"Unscheduled" injury claims are those that are not assignable to a specific limb. For example, back, hip and brain injuires are unscheduled and not assigned a specific amount. In those cases that are unscheduled and the employee has a permanent injury or cannot return to work, compensation awards are typically higher. For injury claimants who have a catstrophic injury such as severe brain damage or quadriplegia, the emplyer will often forego a lump sum settlement and simply pay the worker two-thirds of his wages for life on a week by week basis.
Generally speaking, for the vast majority of injured employees, the only benefits claimable after an on-the-job injury in Alabama are through workers comp. The Supreme Court of Alabama has expressly ruled that the only claim that can be made against an employer after a workplace is accident is for workers compensation benefits. However, a worker can make a claim against someone other than the employer, so long as that other person's negligence contributed to or caused the accident. For example, assume that an employee is told to use the company vehicle to run an errand. If the employee is t-boned by a logging truck while running the errand, he can bring both a workmen's comp claim and a personal injury claim against the logging truck comany and driver. The third-party claim includes mental anguish, pain and suffering, loss of earning capacity and even punitive damages, things that cannot be claimed in the workers comp suit. Plus, third party claims allow for a jury trial, something not allowed in worker's compensation lawsuits.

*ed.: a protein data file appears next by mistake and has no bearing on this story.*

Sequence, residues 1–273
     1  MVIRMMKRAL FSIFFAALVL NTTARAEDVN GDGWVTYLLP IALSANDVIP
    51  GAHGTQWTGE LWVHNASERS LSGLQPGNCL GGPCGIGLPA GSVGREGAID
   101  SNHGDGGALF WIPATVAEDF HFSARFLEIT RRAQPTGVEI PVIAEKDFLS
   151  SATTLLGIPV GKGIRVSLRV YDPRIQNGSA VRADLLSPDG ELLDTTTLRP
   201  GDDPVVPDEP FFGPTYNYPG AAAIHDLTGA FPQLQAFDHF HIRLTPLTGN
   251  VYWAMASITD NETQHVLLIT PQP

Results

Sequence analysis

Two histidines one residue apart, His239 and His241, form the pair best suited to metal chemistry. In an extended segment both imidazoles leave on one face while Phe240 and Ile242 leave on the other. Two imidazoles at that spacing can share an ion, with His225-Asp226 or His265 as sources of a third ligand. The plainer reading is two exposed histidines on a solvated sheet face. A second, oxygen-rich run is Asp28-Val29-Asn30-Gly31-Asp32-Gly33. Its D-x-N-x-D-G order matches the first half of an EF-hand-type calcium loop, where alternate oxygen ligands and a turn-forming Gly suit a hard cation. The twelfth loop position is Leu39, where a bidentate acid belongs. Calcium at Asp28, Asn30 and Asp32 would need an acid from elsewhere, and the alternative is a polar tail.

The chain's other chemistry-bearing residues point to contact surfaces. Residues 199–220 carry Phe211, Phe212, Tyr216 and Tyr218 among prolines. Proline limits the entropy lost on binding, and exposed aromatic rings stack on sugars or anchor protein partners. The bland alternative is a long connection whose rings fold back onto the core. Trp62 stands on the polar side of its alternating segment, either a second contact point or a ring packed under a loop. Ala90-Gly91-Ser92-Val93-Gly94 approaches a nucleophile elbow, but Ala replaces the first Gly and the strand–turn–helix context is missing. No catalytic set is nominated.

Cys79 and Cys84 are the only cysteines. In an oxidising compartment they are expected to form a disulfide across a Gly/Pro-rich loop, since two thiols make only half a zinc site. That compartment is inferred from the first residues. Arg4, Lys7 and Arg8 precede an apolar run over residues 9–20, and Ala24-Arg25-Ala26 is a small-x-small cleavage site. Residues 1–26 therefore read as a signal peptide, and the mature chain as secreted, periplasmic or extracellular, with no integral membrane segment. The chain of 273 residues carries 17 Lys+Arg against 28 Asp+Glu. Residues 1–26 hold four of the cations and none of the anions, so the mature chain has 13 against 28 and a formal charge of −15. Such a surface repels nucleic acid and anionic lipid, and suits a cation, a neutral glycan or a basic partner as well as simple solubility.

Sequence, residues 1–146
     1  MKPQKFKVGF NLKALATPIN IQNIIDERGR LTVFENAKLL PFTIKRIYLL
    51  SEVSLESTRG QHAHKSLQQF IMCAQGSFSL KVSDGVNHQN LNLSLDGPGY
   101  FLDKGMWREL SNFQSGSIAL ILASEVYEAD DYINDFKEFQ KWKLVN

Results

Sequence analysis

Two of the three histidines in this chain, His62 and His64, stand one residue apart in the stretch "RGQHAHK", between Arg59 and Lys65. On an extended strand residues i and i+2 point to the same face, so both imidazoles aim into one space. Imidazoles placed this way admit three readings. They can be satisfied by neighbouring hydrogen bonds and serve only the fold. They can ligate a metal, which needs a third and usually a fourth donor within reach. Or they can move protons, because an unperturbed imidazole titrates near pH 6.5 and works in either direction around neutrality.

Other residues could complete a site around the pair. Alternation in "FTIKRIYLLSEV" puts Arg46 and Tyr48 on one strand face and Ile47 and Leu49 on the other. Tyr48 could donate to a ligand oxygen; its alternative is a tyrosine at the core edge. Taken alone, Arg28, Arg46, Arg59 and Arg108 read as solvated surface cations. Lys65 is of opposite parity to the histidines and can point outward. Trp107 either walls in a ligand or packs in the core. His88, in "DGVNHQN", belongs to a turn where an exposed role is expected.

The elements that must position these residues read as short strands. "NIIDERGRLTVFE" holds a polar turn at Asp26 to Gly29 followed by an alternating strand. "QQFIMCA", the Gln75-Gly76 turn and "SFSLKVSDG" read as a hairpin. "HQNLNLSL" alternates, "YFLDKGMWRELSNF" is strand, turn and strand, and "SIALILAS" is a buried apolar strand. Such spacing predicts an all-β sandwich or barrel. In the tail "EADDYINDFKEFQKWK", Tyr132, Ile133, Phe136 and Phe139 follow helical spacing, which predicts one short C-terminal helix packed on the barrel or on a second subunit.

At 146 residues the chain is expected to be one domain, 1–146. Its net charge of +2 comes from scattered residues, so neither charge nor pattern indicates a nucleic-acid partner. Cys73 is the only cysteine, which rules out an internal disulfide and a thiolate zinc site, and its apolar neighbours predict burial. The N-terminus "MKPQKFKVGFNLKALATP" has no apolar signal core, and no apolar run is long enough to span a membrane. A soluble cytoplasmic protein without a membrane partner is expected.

It is not unheard of for employers to retaliate against employees who seek benefits after a job accident. Luckily, Alabama law expressly forbids employer from terminating or firing employees solely for filing a workers comp claim. For the most part, a worker can expect to resume his employment after finishing the medical treatment. Employers are well aware of the ban on retaliating against injured workers and realize they can be sued for lost wages and punitive damages should they do so.
Settlement of a Workers Compensation Claim
Alabama law requires court approval of a worker's settlement against his employer. Most judges are happy to approve a proposed settlement so long as the right to future medical treatment is kept open. It is not a good idea to agree to a settlement without seeking the advice of an attorney. The workers compensation benefits and rights can be surprisingly complicated and a lawyer can provide a great deal of assistance. The better approach is to obtain legal counsel soon after a significant job related injury, else you risk compromising your rights when your employer approaches the issue of resolving the claim.